If you look at the original chart, there are more books listed near the middle of the bell curve SAT distribution, which illustrates just one thing--that there are more readers (and students) at the middle of the bell curve, which you'd expect. You'll also note that a lot of the books that appear in the center of the bell curve are known to appear in Literature or Humanities 101 courses, as in the kind of general education requirements that every student must suffer through on the way to a degree (I liked these courses, but then I was a Lit major). Wow, so kids list books that they've been forced to read as favorite books. To me, this speaks more to a lack of voluntary or elective readership--the only books I've read are the ones I've been forced to read--than anything else.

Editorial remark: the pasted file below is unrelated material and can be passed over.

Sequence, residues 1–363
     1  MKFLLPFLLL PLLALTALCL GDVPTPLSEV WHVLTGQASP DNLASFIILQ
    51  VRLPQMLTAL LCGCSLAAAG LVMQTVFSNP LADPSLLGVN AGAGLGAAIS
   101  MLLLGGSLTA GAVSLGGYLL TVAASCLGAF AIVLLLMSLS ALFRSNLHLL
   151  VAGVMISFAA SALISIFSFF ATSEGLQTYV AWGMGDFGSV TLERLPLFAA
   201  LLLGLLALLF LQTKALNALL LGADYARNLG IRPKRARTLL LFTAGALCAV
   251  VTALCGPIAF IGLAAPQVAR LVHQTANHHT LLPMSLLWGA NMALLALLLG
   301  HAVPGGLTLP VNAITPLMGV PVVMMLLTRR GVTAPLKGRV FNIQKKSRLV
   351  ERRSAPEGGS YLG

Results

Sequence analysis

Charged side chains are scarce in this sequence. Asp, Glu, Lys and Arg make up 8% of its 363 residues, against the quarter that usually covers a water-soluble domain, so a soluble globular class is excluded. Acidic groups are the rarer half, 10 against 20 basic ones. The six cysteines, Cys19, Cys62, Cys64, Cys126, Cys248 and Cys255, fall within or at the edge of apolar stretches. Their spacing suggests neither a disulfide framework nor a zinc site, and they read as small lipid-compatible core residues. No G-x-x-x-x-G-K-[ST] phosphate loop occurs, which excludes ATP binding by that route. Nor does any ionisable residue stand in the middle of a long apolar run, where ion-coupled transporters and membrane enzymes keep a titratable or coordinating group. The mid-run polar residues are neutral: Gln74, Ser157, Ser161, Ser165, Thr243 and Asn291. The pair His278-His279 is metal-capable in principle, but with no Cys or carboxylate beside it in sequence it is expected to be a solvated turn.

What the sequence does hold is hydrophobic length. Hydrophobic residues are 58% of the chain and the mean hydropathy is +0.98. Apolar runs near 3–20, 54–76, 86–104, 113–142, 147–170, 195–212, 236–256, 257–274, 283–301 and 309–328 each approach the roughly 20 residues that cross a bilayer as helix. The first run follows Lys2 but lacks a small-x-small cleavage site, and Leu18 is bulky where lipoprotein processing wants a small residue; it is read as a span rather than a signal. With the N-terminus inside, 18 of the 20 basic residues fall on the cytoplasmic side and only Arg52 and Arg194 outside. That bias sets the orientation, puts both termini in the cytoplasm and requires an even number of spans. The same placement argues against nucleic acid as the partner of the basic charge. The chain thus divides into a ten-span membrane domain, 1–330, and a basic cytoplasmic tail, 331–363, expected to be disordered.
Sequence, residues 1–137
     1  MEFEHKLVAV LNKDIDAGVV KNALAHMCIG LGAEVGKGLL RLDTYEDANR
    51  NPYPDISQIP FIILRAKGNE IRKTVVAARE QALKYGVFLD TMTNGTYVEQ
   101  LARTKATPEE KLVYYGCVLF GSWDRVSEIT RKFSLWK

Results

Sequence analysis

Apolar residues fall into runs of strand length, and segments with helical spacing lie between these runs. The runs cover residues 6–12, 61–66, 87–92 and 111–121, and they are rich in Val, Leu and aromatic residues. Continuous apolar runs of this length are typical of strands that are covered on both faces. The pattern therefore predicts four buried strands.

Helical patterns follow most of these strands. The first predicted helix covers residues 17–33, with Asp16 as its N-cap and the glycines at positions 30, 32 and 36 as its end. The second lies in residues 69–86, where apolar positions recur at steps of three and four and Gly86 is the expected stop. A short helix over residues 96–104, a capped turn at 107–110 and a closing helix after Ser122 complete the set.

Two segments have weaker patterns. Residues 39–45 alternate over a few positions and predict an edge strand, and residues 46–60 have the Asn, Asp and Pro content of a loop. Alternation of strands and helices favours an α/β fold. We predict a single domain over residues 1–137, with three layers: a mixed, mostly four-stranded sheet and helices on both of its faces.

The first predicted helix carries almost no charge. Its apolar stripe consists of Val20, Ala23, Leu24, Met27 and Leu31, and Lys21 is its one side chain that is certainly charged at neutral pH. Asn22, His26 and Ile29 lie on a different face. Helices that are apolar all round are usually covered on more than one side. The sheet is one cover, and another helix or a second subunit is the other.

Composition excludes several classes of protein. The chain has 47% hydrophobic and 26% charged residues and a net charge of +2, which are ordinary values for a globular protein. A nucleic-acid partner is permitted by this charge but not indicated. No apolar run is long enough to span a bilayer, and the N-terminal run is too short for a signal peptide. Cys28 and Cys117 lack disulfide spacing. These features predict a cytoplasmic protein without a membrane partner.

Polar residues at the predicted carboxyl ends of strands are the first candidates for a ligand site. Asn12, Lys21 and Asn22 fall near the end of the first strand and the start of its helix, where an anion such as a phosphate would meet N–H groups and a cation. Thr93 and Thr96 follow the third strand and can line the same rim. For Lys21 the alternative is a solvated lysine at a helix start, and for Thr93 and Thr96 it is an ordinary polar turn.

SF booksI mean, do you actually expect me to believe that the average Hamlet reader is dumber than the average Eragon reader? Or is it more likely that the average person who claims on Facebook that Hamlet is their favorite read is dumber than the average person who claims that Eragon is in their top books list? Are people that love Fahrenheit 451 really less intelligent that people who brag that they don't read at all? Given that the premise of Fahrenheit 451 is that the populace is better off in a police state without books, this is a chilling notion.

Besides, if the chart is to be believed, a lot narrower constituency of 18 to 22-year-olds have read Harry Potter than have read Cat's Cradle. Yeah, right. Let me show you some New York Times bestseller numbers of recent vintage, and then let's talk about whether this data is honest and accurate. I'm pretty certain it's more socially impressive to claim to be a Vonnegut fan than to swear your devotion to J. K. Rowling. But that couldn't possibly have affected the students' professed reading habits, could it?